Lucy COURBERTIER, appellant, v. ACADEMY BUS, LLC, et al., respondents.
In an action to recover damages for personal injuries, the plaintiff appeals from a judgment of the Supreme Court, Kings County (Battaglia, J.), entered November 20, 2008, which, upon a jury verdict, is in favor of the defendants and against her, dismissing the complaint.
ORDERED that the judgment is affirmed, with costs.
On February 3, 2006, the plaintiff was a passenger on a bus bound for Atlantic City, which left the roadway of the Garden State Parkway, fell down an embankment, and turned over at least once. The bus was owned by the defendant Academy Bus, LLC, or the defendant Academy Express, LLC, and was being operated at the time of the occurrence by the defendant Rory Youman. At trial, the plaintiff attempted to establish that she had sustained a serious injury within the meaning of Insurance Law § 5102(d) based on the existence of a compression fracture at the L5 vertebra. It was undisputed, however, that the plaintiff suffered from a congenital spinal disorder, had been experiencing pain in her spine since 1979, and had undergone reconstructive surgery of her spine in 1984. At trial, the jury determined that the accident on February 3, 2006, was not a substantial factor in bringing about the compression fracture.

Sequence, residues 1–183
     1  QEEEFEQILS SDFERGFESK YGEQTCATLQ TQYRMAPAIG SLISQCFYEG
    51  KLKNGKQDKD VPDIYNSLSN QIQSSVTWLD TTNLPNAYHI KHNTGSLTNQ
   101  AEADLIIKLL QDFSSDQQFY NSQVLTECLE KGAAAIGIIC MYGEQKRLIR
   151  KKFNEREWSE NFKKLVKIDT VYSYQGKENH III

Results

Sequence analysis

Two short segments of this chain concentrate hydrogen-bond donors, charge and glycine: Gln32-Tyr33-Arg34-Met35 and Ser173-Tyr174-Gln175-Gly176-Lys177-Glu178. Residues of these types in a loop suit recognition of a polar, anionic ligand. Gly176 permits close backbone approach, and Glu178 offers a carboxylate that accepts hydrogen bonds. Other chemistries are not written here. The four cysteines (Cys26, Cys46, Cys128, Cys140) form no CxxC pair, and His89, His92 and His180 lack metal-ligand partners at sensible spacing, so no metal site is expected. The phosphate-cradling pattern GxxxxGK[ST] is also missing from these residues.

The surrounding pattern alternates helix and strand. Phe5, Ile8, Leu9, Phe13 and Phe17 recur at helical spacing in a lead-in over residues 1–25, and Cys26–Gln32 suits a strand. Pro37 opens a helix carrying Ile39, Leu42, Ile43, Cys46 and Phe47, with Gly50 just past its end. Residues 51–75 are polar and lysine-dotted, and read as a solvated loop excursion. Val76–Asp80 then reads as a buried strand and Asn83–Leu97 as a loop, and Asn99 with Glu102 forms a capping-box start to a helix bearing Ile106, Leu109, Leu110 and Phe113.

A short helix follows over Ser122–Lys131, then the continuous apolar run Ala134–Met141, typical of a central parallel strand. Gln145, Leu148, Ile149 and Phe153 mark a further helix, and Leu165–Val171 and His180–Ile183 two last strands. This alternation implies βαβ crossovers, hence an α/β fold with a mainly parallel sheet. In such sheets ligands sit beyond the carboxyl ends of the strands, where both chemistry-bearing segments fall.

The standard for determining whether a jury verdict is contrary to the weight of the evidence is whether the evidence so preponderated in favor of the unsuccessful party that the verdict could not have been reached on any fair interpretation of the evidence (see Lolik v. Big v. Supermarkets, 86 N.Y.2d 744, 746; Chery v. Souffrant, 71 AD3d 715; Ashby v. Mullin, 56 AD3d 588). “Where the verdict can be reconciled with a reasonable view of the evidence, the successful party is entitled to the presumption that the jury adopted that view” (Torres v. Esaian, 5 AD3d 670, 671). Here, the jury's finding that the subject motor vehicle accident was not a substantial factor in bringing about the compression fracture was based on a fair interpretation of the evidence and, thus, was not contrary to the weight of the evidence (see Lolik v. Big v. Supermarkets, 86 N.Y.2d at 744).
The plaintiff's remaining contentions are either unpreserved for appellate review or without merit.